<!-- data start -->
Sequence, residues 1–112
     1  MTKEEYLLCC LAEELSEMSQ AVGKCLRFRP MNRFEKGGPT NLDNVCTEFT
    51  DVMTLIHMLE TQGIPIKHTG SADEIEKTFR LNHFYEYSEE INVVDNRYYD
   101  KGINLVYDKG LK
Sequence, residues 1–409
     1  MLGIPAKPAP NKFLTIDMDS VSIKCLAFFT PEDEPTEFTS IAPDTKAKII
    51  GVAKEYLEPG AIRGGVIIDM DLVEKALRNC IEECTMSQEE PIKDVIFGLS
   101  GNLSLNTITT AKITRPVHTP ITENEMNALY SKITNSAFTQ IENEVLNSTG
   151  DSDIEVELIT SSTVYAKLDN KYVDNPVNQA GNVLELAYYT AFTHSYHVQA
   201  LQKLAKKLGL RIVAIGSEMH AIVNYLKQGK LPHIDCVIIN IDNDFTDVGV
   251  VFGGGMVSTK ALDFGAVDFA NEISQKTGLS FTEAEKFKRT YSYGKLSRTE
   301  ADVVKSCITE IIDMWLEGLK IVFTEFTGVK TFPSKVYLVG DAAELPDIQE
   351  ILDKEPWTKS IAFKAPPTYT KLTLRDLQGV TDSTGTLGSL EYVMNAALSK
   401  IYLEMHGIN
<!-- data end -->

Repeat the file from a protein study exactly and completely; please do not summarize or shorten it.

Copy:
Sequence, residues 1–112
     1  MTKEEYLLCC LAEELSEMSQ AVGKCLRFRP MNRFEKGGPT NLDNVCTEFT
    51  DVMTLIHMLE TQGIPIKHTG SADEIEKTFR LNHFYEYSEE INVVDNRYYD
   101  KGINLVYDKG LK
Sequence, residues 1–409
     1  MLGIPAKPAP NKFLTIDMDS VSIKCLAFFT PEDEPTEFTS IAPDTKAKII
    51  GVAKEYLEPG AIRGGVIIDM DLVEKALRNC IEECTMSQEE PIKDVIFGLS
   101  GNLSLNTITT AKITRPVHTP ITENEMNALY SKITNSAFTQ IENEVLNSTG
   151  DSDIEVELIT SSTVYAKLDN KYVDNPVNQA GNVLELAYYT AFTHSYHVQA
   201  LQKLAKKLGL RIVAIGSEMH AIVNYLKQGK LPHIDCVIIN IDNDFTDVGV
   251  VFGGGMVSTK ALDFGAVDFA NEISQKTGLS FTEAEKFKRT YSYGKLSRTE
   301  ADVVKSCITE IIDMWLEGLK IVFTEFTGVK TFPSKVYLVG DAAELPDIQE
   351  ILDKEPWTKS IAFKAPPTYT KLTLRDLQGV TDSTGTLGSL EYVMNAALSK
   401  IYLEMHGIN